There was much rejoicing when the ARC of this arrived in the mail this week. I devoured it in one night, staying up nearly until 2 AM to finish it.
Thi...moreThere was much rejoicing when the ARC of this arrived in the mail this week. I devoured it in one night, staying up nearly until 2 AM to finish it.
This is a tough book to write up. It's definitely the middle book of a trilogy, and I can already tell that the wait for Quintana of Charyn is going to be killer. Honestly, in a lot of ways I think the jury is out on the overall plot of this one until we get the resolution of some narrative threads in the follow-up.
Froi of the Exiles is definitely concerned with many of the same themes as Finnikin of the Rock (family, culture, violence, loss, trauma, and gender roles, just to start with) but it approaches them slantwise. Everything's a little more ambiguous than it was in Finnikin of the Rock because this about Froi, and Quintana, and Charyn, and nothing about those three is simple. That doesn't make it worse, but it does make it a more challenging read. The writing here is riskier and gutsier; it's also perhaps not quite as consistently successful. Again, I think what happens in Quintana of Charyn will really effect what I end up thinking of this book down the road.
The tone of the writing, perhaps because (view spoiler)[the story takes place largely in a court, rather than on the road, (hide spoiler)] sometimes felt wobbly. And I say this as someone who generally loves Marchetta's prose.
(view spoiler)[For me, the strongest part of the novel was actually the subplots--Beatriss's and Lucian and Phaedre's stories hit me hard. I liked how Beatriss's plot complicated what we already knew of life in Lumatere during the ten years of the curse. Froi's plot was harder to read. This is partly because I really missed Finnikin and Evanjalin/Isaboe; partly because the character of Quintana didn't work for me in a way that Evanjalin did. The worldbuilding was a little shakier; it didn't feel as whole as that of Lumatere, and that pulled me out of the story enough that I started noticing funny character and place names. But I loved what we ended up learning about the other last-borns, and the way Froi was caught between Charyn and Lumatere. The revelations are a bit too easy to guess--sometimes that's not a problem (it's easy for us to guess that Froi is a Charynite, even though it takes a long time for that penny to drop for him) and sometimes it sort of is (it's also too easy to figure out Gargarin and Lirah are his parents, and that does sort of hurt the impact of that moment in the story). (hide spoiler)]["br"]>["br"]>["br"]>["br"]>["br"]>["br"]>["br"]>["br"]>(less)
Middle-of-the-road YA novel about a girl in her last year of high school coping with the unexpected reappearance of her biological father, family dram...moreMiddle-of-the-road YA novel about a girl in her last year of high school coping with the unexpected reappearance of her biological father, family dramas and mysteries, and the romantic interest of two very different boys. It's nowhere near the level of Saving Francesca and Jellicoe Road, though you can see how it's an earlier work by the same writer: the story elements are familiar, even if they aren't as effective. In particular, this lacks the emotional sweep of Marchetta's later work (the central romance is intense, but less convincingly so) and the more polished prose of Jellicoe Road and Finnikin of the Rock, and the revelations of the second half of the book are far too easy to guess in advance. If you're going to read Marchetta, read this first; otherwise, you'll probably be find it something of a letdown.(less)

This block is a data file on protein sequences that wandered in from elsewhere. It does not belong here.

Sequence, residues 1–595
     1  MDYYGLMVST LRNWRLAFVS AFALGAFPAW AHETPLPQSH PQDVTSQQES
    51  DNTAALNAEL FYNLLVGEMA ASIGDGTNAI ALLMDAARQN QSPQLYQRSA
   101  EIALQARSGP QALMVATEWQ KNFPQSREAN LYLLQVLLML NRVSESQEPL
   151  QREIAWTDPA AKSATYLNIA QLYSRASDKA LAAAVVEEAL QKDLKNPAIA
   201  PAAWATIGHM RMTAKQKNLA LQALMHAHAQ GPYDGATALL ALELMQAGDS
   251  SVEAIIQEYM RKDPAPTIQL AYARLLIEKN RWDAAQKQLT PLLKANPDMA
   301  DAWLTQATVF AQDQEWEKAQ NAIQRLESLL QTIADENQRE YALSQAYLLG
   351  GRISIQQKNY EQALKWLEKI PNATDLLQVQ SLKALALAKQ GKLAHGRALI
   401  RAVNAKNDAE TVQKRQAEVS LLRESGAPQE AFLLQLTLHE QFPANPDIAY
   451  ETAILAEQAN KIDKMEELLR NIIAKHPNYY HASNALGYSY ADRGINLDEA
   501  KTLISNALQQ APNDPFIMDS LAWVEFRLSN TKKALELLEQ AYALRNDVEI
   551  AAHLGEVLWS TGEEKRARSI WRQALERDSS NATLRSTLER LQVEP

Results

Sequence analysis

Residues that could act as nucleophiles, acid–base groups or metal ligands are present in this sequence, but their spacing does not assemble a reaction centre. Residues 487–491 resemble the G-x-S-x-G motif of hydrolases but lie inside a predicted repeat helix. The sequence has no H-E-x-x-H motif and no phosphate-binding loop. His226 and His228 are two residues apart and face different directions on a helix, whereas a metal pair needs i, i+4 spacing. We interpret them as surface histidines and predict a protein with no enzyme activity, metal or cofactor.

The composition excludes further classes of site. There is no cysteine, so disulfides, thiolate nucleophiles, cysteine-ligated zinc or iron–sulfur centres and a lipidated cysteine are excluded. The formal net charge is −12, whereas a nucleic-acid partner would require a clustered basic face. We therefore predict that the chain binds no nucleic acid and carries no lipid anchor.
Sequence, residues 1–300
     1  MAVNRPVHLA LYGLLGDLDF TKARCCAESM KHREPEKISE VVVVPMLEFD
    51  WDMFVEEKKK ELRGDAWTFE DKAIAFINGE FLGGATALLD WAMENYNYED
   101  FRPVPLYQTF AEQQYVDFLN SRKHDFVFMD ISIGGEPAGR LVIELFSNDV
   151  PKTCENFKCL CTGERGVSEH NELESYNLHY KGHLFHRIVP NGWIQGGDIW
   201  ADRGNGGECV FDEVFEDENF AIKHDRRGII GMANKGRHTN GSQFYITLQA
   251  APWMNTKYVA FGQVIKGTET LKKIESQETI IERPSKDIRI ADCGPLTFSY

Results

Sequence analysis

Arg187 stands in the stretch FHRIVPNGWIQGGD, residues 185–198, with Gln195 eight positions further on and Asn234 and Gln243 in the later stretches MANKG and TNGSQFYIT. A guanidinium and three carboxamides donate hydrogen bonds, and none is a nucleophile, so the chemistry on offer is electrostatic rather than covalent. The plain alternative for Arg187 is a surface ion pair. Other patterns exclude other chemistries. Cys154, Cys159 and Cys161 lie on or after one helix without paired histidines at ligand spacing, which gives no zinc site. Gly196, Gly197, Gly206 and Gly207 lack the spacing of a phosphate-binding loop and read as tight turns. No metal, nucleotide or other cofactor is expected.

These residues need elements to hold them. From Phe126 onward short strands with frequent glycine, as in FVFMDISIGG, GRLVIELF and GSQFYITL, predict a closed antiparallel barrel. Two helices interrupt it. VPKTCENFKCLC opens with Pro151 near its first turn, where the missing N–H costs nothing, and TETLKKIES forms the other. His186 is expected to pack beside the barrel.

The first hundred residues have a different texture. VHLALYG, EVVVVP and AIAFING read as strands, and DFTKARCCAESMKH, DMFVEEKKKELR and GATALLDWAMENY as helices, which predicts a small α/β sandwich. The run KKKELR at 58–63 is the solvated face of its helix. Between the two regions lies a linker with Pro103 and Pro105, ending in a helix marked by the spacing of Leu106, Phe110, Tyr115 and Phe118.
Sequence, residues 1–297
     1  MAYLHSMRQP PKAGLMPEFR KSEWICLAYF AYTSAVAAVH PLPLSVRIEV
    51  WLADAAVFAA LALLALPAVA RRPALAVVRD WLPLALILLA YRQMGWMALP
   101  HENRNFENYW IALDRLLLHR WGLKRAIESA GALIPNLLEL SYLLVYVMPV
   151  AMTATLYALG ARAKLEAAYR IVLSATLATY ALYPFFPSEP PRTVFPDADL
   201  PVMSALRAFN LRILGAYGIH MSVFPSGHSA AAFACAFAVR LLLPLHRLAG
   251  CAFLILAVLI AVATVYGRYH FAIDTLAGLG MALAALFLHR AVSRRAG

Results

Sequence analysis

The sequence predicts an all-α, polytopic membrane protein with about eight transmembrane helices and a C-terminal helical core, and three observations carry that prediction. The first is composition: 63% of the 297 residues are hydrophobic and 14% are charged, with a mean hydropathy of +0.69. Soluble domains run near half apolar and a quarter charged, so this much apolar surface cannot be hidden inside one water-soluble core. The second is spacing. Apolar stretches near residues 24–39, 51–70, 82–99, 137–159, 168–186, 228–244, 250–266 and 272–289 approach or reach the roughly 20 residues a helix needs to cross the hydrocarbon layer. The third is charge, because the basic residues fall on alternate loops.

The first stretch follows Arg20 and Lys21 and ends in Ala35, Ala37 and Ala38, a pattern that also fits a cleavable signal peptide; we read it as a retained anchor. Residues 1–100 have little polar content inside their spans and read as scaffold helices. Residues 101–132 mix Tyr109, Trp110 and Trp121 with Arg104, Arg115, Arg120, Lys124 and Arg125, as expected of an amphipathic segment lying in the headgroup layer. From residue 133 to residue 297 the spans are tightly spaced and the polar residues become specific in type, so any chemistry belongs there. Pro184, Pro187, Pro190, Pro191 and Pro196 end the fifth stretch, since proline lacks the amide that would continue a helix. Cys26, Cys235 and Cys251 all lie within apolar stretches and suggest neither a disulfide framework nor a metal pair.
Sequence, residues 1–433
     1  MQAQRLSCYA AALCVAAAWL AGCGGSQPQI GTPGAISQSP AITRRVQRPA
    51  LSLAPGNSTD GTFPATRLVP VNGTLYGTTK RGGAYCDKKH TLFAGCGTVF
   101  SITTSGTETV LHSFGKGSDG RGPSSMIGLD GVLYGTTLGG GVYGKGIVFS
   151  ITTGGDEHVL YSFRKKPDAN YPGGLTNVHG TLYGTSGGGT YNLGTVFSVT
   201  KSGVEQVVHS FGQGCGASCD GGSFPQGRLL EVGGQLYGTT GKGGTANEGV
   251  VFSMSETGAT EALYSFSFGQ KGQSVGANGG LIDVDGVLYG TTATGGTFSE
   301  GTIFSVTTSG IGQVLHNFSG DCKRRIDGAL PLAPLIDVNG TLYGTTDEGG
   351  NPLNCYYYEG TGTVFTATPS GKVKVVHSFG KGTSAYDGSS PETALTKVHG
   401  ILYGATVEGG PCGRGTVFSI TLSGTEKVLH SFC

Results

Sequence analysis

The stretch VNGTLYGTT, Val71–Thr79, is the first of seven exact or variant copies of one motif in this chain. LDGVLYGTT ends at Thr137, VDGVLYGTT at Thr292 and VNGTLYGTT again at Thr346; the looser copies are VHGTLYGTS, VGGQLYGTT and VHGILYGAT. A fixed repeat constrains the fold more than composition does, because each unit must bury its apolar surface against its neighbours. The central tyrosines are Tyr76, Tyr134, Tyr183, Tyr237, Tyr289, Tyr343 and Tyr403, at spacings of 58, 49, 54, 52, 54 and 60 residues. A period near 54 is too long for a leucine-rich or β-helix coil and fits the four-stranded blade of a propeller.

In a nice change of pace, the hero here wasn't cut exactly from the usual template. It's a shame that he went closer and closer to said template as th...moreIn a nice change of pace, the hero here wasn't cut exactly from the usual template. It's a shame that he went closer and closer to said template as the story went on.(less)
I think of Laurens' Cynster books as pure fluff reading, but I think I may have finally reached the point where I can't read anymore of them. It's too...moreI think of Laurens' Cynster books as pure fluff reading, but I think I may have finally reached the point where I can't read anymore of them. It's too much of the same characters, just with different hair and eye colors. A little variation on the formula, please?(less)
In general, I read Laurens' Cynster novels when I'm particularly hard up for a fluff romance read, but the sheer ridiculousness of this one (witches o...moreIn general, I read Laurens' Cynster novels when I'm particularly hard up for a fluff romance read, but the sheer ridiculousness of this one (witches of Scottish vales!) makes this one a particularly borderline read.(less)